When you are the parent of a transgender child you do cop a lot of negativity.  People are uncomfortable about your child and what they represent.  The norms that you apply to yourself and your childhood suddenly don’t apply to a transgender child.  The milestones of childhood and adolescence are different in some ways but reassuringly similar in others.  I have worked hard in the last twelve months to develop the resilience that I will need this year to support the next stage of Jeremy’s journey.  I give no one permission to take that resilience away from me, nor permission to dim the joy that I experience in life, or to foist a poor value system on me that is contrary to my beliefs.

Jeremy deserves nothing but the best, to be surrounded by loving friends, family and cohort of peers.  The haters can hate but our love is like a shield of steel.

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Posted by on January 11, 2015 in Uncategorized


And so this is Christmas

We are on holidays, in the loving embrace of my family. I am treading water emotionally as I had anxiety about how I would manage face to face interactions given my journey this year and being separated from my network of support has made me uncomfortable. But so far, so good.
Our journey to Queensland was joyful, lots of love and support for my blue haired baby and wonderfully restorative for me, the opportunity to be face to face with valued friends and talk about next year made me realise that near or far my safety net is strong.
Jeremy has been strengthened by so many positive interactions with family and friends including a second dinner with his dad. Each time that happens it gives him more reason to stay positive, to reject the voice in his head that whispers bad things to him. It is more reason to get up each morning.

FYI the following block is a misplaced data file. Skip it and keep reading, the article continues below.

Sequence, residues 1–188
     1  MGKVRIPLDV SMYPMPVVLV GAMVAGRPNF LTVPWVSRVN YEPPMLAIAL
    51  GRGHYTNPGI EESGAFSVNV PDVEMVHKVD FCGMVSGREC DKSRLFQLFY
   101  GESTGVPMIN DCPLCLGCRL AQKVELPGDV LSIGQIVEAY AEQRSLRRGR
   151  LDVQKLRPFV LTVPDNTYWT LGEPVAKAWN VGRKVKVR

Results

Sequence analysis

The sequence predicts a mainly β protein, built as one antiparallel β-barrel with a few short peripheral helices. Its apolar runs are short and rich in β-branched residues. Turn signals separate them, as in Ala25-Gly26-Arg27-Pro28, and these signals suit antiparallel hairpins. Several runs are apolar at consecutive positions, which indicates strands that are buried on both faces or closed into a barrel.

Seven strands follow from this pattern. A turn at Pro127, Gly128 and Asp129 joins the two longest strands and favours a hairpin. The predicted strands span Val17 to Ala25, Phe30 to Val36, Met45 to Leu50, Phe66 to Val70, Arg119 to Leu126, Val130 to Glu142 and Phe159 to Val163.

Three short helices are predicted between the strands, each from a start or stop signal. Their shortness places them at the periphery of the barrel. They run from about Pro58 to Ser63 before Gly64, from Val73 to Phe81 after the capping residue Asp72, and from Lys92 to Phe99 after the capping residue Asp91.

Merry Christmas – may your gifts be ones of love and demonstrate the value that the giver places on your relationship. Jeremy and I will have you in our prayers.

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Posted by on December 23, 2014 in Uncategorized


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Christmas 2014 – a word from Jeremy

Another year has passed. Myself and my family have grown, and we have learned many new lessons.

This year is my last year before I medically transition, five more months until I’m 18! It’s going to be tough, I think, adjusting to the hormones, but this is just another stretch in my long journey. I know that whatever happens with me, my mum will always be there to support me and love me. I don’t think I’ve ever met a person more lucky than me to have a humyn like her in their lives.

December is a time for family. Even as I type, mum, Luke, and I are heading towards Canberra on our three day trip to Brisbane to see aunties, uncles, cousins, and grandparents to celebrate our love for one another. I am lucky to have a family that has loved me through my journey, and I will always say to those who feel as if they have no family this year, you will always have me.

I would also like to thank everyone that stays with this blog and has read along with our journey. I have always seen how cathartic writing for this blog has been for mum, and it has allowed us to discuss and learn from each other through a time where communication is integral. Your viewership and the help it has brought to her and our readers is what keeps us going through everything. So thank you. You all hold a special place in my heart.

Please everyone stay safe, have a wonderful holiday season.



Posted by on December 17, 2014 in Uncategorized